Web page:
Dementia patients don’t do well with change. Routine changes, including changes to COVID-19 routines, can increase agitation.Daniel S. Stadler, MD
Thanks to COVID-19, the Aging Resource Center’s dementia caregiver support group is in high-demand. “Our twice a month group now runs once a week and attendance has tripled,” says Bernadette Seifert, LICSW, director of Adult Programs, Aging Resource Center.
Support group participation is directly related to the particular challenges COVID-19 poses for those with dementia, which is the loss of cognitive functioning, such as thinking, remembering and reasoning. Not only are people with dementia more at risk of contracting the virus, cognitive impairment makes following precaution guidelines difficult and frustrating and, in many cases, worsens decline.
“Dementia patients are more at risk for any illness,” says Daniel S. Stadler, MD, medical director, Geriatrics. “When their brain is compromised, patients have less ability to delay gratification. They find it hard to, for example, eat less food or drink more water. Any illness increases their agitation and delirium delays healing.” Susan Varga, MD, medical director, Geriatric Emergency Department, adds that many dementia patients live in nursing facilities which also increases their COVID-19 risk.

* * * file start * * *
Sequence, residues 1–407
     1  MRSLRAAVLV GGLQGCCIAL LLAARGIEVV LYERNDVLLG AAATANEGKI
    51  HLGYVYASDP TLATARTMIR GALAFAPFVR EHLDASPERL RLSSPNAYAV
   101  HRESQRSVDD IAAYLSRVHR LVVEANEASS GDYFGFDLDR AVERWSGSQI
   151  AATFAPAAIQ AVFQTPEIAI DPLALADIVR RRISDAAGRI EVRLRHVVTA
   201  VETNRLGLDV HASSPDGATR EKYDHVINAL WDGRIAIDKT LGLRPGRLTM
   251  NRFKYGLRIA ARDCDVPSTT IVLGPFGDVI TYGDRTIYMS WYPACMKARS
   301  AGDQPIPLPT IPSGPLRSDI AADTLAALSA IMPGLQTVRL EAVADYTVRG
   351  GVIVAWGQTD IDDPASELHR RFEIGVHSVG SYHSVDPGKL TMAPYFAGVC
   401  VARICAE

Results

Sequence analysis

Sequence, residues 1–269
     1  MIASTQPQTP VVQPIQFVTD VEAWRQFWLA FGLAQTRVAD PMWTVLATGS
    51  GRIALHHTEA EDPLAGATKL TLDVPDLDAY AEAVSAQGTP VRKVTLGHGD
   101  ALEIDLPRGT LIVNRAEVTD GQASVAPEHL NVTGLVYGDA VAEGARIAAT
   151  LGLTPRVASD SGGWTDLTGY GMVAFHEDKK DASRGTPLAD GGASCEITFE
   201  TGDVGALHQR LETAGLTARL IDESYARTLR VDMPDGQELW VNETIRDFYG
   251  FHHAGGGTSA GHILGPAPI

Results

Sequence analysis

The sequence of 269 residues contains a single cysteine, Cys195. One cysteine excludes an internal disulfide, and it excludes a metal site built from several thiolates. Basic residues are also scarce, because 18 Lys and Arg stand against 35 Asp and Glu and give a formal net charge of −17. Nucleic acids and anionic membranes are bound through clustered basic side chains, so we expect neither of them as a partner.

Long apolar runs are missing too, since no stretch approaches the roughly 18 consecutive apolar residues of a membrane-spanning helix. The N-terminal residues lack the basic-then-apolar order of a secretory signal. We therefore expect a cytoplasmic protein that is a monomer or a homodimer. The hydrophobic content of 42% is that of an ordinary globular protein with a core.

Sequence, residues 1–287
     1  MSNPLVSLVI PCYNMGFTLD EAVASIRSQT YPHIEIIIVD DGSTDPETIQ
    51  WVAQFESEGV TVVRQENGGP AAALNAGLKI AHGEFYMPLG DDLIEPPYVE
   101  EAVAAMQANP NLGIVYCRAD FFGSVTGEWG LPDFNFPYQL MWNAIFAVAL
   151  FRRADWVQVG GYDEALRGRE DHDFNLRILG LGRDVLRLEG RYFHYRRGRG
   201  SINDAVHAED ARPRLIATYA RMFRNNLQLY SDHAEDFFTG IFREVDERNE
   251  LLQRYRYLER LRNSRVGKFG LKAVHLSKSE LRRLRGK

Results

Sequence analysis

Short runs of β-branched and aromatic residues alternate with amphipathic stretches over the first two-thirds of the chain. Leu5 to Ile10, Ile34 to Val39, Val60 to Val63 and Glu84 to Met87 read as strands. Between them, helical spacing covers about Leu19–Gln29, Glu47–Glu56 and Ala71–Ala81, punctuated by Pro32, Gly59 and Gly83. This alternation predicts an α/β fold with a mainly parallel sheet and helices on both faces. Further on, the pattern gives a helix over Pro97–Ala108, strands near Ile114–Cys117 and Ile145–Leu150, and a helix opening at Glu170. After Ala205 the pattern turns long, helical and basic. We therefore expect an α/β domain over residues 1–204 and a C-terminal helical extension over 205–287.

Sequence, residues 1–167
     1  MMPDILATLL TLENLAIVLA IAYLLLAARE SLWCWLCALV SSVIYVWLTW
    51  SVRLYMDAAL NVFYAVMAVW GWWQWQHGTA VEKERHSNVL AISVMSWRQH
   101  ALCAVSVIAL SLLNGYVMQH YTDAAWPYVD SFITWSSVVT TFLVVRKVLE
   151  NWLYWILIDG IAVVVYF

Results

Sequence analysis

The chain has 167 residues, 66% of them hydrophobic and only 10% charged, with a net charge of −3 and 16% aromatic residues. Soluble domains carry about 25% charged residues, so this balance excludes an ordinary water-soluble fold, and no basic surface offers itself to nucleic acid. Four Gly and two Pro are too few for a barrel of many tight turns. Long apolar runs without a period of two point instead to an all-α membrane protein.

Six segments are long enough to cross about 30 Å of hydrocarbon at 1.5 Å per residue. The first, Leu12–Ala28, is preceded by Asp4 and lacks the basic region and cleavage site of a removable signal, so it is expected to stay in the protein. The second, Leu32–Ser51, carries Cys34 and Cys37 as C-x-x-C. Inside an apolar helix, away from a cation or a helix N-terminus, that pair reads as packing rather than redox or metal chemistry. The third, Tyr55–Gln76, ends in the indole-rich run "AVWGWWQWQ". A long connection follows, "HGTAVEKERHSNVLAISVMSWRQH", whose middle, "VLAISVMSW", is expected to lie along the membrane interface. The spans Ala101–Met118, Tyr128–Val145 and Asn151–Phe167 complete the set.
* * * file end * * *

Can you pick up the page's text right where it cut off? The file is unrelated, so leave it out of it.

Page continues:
Suggested COVID-19 risk guidelines—hand washing, mask wearing and physical distancing, can be difficult for dementia patients to follow. “They are less likely to understand, remember and follow changes in guidelines,” says Varga.
Following these guidelines can also increase dementia symptoms. “As dementia progresses, sensory pleasures, especially touch, are really important to communication,” says Stadler. “The lack of stimulation that comes with physical distancing and isolation often increases frustration and anxiety,” says Seifert. “Anxious dementia patients shadow, or follow, caregivers around the house. They might suffer Sundowner’s Syndrome, which is increased agitation and confusion as the day goes on.”
Seifert recommends that caregivers model COVID-19 precautions and ask dementia patients to join in. “You can say, ‘Come wash your hands with me’ or ‘Let’s put on our masks,’” says Seifert. “Keep explanations for why you’re doing these tasks simple because you’ll have to explain them over and over again.” Video calls are one way to help ease the impact of social isolation but dementia patients need help and patience during them. “People on the call should speak slowly and give anyone with dementia time to speak.”
Vaccinations are a bright spot
Elderly dementia patients and their loved ones are finding relief through vaccinations. While the majority of patients living in a nursing facility or with a caregiver who can drive have received their vaccinations, delivery of vaccine to the homebound has been slow. To help speed the process for this population, the state of New Hampshire has prioritized the one-shot Johnson and Johnson vaccine.
While vaccinations offer physical protection, caregivers should not rush dementia patients back to pre-COVID-19 conditions. “Dementia patients don’t do well with change,” says Stadler. “Routine changes, including changes to COVID-19 routines, can increase agitation.”
“Even with vaccinations, things can’t be completely ‘back to normal,’” says Seifert. “But vaccinations are making it possible for caregivers to bring dementia patients out a bit more which, after this long year, is really nice for both.”